viernes, 12 de enero de 2018

January Opioids Update – Recent Releases

Centers for Disease Control and Prevention. Your online source for credible health information.
Doctor and patient reviewing prescription bottle labelsCDC’s Injury Center intends to commit approximately $3,000,000 over a 4-year project period with a maximum of $750,000 per year. This funding will support one application to better understand how reducing the dose or stopping the use of opioids and benzodiazepines can reduce injury and improve safety in older adult patients. Specifically, the research will evaluate the effectiveness of medication tapering and discontinuation strategies to reduce falls and unintentional injury among older adults. The purpose is to advance knowledge about how health professionals can improve prescribing practices for medications in which the risks may outweigh the benefits, contributing to falls, overdose, and other injuries in community dwelling older adults.
For healthcare providers, this research will develop evidence-based strategies that can be integrated into the workflow and can be adopted to taper and/or discontinue opioids, benzodiazepines, and other CNS-active medications and improve patient safety. Additionally, the research could be used to inform future trainings and provider education.
The funding opportunity announcement can be found at Note that amendments to the announcement focus and application dates are possible. Please check for updates on
  • Letter of Intent Due: January 30, 2018
  • Application Due: March 23, 2018
This National Institutes of Health (NIH) funding will help examine the impact of behavioral interventions, such as mindfulness meditation, cognitive behavioral therapy, or multidisciplinary rehabilitation for primary or secondary prevention for opioid use disorder or as an adjunct to medication assisted treatment. The funding is within the context of states’ plans for use of the Substance Abuse and Mental Health Services Administration (SAMHSA) Opioid State Targeted Response (STR) grant funds authorized under the 21st Century Cures Act.
Deadline: January 18, 2018
New Opioid Training for Providers: Reducing the Risks of Opioids
Doctor and patient conversationCDC launched Reducing the Risks of Opioids, the fourth module of a series of interactive, online trainings for healthcare providers. Healthcare providers will be able to recognize situations that can increase risk for harmful outcomes for patients on opioid therapy and explain the range of clinical tools that can help in risk assessment and clinical decision-making, such as prescription drug monitoring program (PDMP) data and urine drug testing (UDT). This training features recommendations from theCDC Guideline for Prescribing Opioids for Chronic Painand provides sample scenarios and clinical tools and resources. This training is part of a series that is available for free continuing education credit and is located on our Training for Providers webpage.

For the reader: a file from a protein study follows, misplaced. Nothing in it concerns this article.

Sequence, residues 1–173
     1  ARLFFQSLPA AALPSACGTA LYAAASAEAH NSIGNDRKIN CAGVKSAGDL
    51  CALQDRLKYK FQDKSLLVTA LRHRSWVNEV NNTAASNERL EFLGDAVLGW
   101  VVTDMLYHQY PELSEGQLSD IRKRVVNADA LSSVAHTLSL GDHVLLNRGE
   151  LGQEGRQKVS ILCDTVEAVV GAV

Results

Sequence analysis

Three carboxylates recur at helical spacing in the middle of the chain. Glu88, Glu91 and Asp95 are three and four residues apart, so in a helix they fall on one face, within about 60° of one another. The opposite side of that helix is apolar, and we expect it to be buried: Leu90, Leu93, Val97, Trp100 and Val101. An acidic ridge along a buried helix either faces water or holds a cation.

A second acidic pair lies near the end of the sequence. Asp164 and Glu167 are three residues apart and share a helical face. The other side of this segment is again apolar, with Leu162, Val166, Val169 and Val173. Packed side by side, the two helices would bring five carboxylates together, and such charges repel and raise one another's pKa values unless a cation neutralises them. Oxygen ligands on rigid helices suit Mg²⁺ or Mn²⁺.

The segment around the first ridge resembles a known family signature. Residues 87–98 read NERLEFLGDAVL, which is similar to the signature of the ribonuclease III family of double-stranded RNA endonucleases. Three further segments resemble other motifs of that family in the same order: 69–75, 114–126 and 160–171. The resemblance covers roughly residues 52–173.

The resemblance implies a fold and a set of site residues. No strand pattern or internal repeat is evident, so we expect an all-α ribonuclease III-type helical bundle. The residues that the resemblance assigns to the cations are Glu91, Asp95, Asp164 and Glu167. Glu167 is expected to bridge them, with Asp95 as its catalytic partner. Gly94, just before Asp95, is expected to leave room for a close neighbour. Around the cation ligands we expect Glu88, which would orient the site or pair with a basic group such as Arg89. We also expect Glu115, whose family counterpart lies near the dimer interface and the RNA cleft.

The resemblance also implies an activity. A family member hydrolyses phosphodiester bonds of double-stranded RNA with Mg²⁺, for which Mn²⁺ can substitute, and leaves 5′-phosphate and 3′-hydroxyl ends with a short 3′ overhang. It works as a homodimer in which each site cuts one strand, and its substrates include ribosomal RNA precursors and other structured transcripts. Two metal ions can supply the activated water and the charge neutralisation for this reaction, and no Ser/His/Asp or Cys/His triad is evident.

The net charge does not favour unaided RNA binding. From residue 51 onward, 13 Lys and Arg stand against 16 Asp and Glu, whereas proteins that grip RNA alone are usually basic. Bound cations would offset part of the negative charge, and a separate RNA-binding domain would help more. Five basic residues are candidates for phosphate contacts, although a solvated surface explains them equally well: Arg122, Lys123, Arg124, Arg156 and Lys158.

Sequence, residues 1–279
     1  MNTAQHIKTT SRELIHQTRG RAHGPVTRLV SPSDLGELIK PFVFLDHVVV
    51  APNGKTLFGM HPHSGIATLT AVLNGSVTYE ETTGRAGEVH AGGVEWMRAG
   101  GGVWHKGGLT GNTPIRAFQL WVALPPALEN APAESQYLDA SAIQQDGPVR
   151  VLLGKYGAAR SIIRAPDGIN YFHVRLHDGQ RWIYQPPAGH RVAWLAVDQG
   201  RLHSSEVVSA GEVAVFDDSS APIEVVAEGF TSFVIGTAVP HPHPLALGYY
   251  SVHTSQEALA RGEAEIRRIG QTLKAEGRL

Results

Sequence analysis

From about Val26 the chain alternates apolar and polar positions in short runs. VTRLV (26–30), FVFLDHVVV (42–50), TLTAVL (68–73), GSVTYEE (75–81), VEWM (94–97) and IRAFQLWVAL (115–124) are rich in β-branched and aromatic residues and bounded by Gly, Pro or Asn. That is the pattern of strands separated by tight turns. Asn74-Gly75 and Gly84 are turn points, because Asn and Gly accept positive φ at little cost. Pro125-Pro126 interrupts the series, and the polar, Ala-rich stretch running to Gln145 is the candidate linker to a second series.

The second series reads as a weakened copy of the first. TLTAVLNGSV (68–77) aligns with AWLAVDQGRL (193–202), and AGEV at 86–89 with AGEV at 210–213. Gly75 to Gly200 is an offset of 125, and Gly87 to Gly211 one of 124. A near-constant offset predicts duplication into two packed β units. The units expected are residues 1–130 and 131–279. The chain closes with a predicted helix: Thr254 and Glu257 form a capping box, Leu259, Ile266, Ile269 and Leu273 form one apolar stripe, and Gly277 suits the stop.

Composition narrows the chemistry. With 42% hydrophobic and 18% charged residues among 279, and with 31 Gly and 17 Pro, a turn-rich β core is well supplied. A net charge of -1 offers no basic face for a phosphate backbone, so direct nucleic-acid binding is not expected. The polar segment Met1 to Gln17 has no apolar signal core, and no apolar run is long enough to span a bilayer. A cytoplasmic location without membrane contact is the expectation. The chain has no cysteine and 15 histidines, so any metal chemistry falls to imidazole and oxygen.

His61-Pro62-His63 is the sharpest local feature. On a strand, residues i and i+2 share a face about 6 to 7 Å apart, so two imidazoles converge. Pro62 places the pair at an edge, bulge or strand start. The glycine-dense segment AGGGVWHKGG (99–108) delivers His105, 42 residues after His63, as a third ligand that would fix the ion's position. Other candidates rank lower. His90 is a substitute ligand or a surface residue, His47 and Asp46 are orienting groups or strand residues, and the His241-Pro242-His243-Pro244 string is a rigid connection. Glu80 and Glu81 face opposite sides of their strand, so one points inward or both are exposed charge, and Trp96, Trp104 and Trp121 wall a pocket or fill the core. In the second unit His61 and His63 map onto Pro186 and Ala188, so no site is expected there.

NCHS releases 2016 data on opioid overdose deaths
CDC’s National Center for Health Statistics has released their Data Brief: Drug Overdose Deaths in the United States, 1999-2016. This data comes from the National Vital Statistics System (NVSS), showing that deaths from drug overdose are an increasing public health burden in the United States. Some key findings include:
  • More than 63,600 Americans died from a drug overdose in 2016.
  • The age-adjusted rate of drug overdose deaths increased by 21% from 2015 to 2016.
  • Drug overdose deaths were highest among adults aged 25–54, at around 35 deaths per 100,000 Americans.
  • West Virginia, Ohio, New Hampshire, the District of Columbia, and Pennsylvania had the highest observed age-adjusted drug overdose death rates in 2016.
  • The drug overdose deaths involving synthetic opioids other than methadone (drugs such as fentanyl, fentanyl analogs, and tramadol) doubled between 2015 and 2016.
Upcoming 2018 RxSummit
The National Rx Drug Abuse & Heroin Summit is the largest annual gathering for stakeholders to discuss what is working in prevention and treatment for prescription and illicit opioids. Be part of the international discussion on addressing the opioid crisis by attending the 2018 National Rx Drug Abuse & Heroin Summit in Atlanta. Registration is now open.
Recent Articles and Publications
  • Emergency Department Visits Involving Opioid Overdoses in the United States, 2010-2014: In 2014, there were more than 81,000 ED visits for non-heroin opioid overdoses and more than 66,000 visits for heroin overdoses. The rate of heroin overdose emergency department (ED) visits increased across all demographic groups and regions. Medicaid and uninsured patients were the largest payers of heroin overdoses, and Medicare was the largest payer among non-heroin opioid overdoses.

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